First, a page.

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VIENNA, Austria (AP) -- High levels of radioactivity are normal at Iraq's main nuclear research center, the U.N. nuclear agency said Friday, deflating speculation that U.S. Marines might have found new evidence of a weapons program at the site.
International Atomic Energy Agency chief Mohamed ElBaradei said he asked the United States to secure the Tuwaitha nuclear complex as a precaution. But ElBaradei said high radiation readings there were normal, suggesting the "off the charts" readings the Marines reported earlier this week were nothing unusual.
"Until our inspectors return to Iraq, the U.S. has responsibility for maintaining security at this important storage facility," ElBaradei said, adding that he had received assurances from Washington that the complex would be protected and access to it would be restricted.
ElBaradei did not address reports that radiation might be leaking from Tuwaitha, but the agency said in a statement Friday that "in some buildings, the IAEA has documented higher than normal radiation levels, attributable to Iraq's past nuclear weapons program and the presence of radioisotopes." It warned the military to take "great care" at the site.
Leaders of a Marine Corps combat engineering unit claimed earlier this week to have found an underground network of laboratories, warehouses and bombproof offices beneath the 70-building complex 18 miles south of Baghdad.
The Marines said 14 buildings at the site emitted unusually high levels of radiation, and that a search of one building revealed numerous drums containing highly radioactive material.
However, the Vienna-based IAEA -- which has inspected Tuwaitha at least two dozen times and maintains a thick dossier on the site -- said Iraq was allowed to keep several tons of low-grade uranium and other nuclear material there under IAEA seal because the material could not be used directly for weapons.
An expert familiar with the inspections, speaking on condition of anonymity, told The Associated Press on Friday that some of those seals apparently already were broken by the time the Marines arrived at Tuwaitha.
It was unclear whether any materials were missing, or if they could be used by terrorists to construct a "dirty bomb."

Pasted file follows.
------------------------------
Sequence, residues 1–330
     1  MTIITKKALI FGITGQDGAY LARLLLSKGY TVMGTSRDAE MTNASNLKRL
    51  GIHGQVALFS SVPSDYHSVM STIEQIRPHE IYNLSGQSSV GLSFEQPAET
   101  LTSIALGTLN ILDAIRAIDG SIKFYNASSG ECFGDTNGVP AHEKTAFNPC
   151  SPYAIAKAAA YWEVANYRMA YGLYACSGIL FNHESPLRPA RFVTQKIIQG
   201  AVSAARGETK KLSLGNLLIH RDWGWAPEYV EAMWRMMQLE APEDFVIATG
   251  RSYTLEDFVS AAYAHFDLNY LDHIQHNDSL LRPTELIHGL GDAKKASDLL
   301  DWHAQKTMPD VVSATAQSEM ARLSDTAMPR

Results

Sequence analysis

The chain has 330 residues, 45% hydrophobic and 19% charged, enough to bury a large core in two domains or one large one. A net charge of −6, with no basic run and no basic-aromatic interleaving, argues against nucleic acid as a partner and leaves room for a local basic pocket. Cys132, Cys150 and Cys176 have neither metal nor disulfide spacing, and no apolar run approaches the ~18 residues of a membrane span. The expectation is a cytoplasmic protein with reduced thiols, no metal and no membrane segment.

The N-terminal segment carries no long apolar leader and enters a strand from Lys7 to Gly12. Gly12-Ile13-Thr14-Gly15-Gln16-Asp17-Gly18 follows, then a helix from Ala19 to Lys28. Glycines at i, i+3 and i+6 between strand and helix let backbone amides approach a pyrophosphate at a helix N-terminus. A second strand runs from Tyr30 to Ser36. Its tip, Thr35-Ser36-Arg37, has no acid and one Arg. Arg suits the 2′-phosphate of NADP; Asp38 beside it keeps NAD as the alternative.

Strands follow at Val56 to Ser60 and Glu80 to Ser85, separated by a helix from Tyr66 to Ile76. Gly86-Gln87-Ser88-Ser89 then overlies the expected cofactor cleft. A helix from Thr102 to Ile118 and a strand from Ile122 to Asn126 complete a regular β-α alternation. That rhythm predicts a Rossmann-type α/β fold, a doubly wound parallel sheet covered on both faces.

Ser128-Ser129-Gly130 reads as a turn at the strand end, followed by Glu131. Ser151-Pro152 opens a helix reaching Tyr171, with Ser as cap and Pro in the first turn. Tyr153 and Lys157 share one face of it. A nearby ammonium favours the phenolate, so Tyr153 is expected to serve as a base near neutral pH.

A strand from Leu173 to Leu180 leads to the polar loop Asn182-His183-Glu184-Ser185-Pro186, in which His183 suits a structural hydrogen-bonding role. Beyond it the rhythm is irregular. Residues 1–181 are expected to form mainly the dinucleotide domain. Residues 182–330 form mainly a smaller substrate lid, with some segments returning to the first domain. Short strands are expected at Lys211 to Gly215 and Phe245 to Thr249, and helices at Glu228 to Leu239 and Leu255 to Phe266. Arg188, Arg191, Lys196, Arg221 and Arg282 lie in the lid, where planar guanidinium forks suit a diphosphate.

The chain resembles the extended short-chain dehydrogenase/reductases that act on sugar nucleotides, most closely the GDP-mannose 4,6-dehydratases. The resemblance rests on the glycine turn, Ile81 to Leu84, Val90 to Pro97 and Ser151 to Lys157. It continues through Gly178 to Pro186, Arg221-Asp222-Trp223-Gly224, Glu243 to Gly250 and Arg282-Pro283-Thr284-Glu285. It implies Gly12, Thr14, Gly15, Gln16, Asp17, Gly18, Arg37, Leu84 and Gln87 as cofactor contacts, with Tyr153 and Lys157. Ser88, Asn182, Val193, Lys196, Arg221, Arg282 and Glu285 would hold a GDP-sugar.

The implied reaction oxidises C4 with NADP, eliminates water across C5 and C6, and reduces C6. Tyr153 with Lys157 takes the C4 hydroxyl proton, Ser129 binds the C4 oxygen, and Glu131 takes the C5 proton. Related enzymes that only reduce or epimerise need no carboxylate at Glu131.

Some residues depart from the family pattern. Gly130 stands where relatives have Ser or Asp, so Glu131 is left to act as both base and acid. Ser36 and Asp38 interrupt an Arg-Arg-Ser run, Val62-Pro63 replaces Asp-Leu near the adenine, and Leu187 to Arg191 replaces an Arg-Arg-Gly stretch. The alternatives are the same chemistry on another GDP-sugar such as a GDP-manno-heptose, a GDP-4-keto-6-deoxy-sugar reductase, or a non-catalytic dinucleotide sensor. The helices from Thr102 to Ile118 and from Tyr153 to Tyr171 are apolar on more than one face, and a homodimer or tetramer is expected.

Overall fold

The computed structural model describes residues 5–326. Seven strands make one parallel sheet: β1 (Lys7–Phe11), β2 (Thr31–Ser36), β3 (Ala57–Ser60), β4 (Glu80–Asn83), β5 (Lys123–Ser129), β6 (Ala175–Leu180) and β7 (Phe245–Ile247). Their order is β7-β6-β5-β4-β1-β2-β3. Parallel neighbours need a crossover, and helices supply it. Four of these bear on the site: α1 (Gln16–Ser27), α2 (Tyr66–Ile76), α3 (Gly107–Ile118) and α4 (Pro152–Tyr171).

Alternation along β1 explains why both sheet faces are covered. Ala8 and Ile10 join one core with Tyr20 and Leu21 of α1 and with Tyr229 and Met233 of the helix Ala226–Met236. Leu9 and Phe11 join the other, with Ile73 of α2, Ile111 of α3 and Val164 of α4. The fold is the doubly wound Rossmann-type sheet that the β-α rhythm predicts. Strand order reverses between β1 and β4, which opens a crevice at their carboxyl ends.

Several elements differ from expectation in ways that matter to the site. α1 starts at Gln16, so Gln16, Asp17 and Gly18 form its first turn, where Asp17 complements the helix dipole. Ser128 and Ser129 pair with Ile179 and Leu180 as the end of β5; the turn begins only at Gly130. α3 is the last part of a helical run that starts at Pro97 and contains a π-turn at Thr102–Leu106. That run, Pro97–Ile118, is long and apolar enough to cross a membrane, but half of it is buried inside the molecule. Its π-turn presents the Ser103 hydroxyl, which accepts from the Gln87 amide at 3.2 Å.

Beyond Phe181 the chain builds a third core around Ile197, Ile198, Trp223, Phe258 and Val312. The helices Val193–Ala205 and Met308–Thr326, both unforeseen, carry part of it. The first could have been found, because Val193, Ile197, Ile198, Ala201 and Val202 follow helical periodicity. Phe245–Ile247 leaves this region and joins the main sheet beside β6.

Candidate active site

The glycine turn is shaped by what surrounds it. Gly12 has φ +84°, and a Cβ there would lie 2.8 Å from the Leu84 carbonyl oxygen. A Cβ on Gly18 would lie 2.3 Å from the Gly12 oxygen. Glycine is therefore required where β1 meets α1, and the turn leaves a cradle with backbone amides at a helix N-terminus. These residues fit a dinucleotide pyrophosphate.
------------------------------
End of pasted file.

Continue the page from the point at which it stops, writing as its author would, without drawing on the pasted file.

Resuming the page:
Tuwaitha contains 1.8 tons of low-grade, enriched uranium and several tons of natural and depleted uranium. The uranium was inspected by the U.N. nuclear agency twice a year.
Most of the radioactive material at Tuwaitha is stored near the main complex in three buildings known as Location C, the IAEA said. Seals were placed on the buildings themselves as well as the drums they contained, the agency said.
"As soon as circumstances permit, the IAEA should return to verify that there been no diversion of this material," ElBaradei said.
IAEA inspectors visited Tuwaitha about a dozen times since December and most recently Feb. 6. It was among the first sites that IAEA inspectors sought out after the resumption of inspections Nov. 27 after a nearly four-year break.
American intelligence analysts said before the U.S.-led war began that new structures photographed at Tuwaitha might indicate a revival of weapons work. IAEA inspectors checked but found nothing, and the inspections expert told AP that satellite photos would have betrayed any construction of a clandestine underground complex.
The Tuwaitha complex, run by the Iraqi Atomic Energy Commission, was the heart of Saddam Hussein's former nuclear program and was involved in the final design of a nuclear bomb before Iraq's nuclear program was destroyed by U.N. teams after the 1991 Gulf War.
The IAEA told the Security Council just before the war it had uncovered no firm evidence that Saddam had renewed his nuclear weapons program.
(Copyright 2003 by The Associated Press. All Rights Reserved.)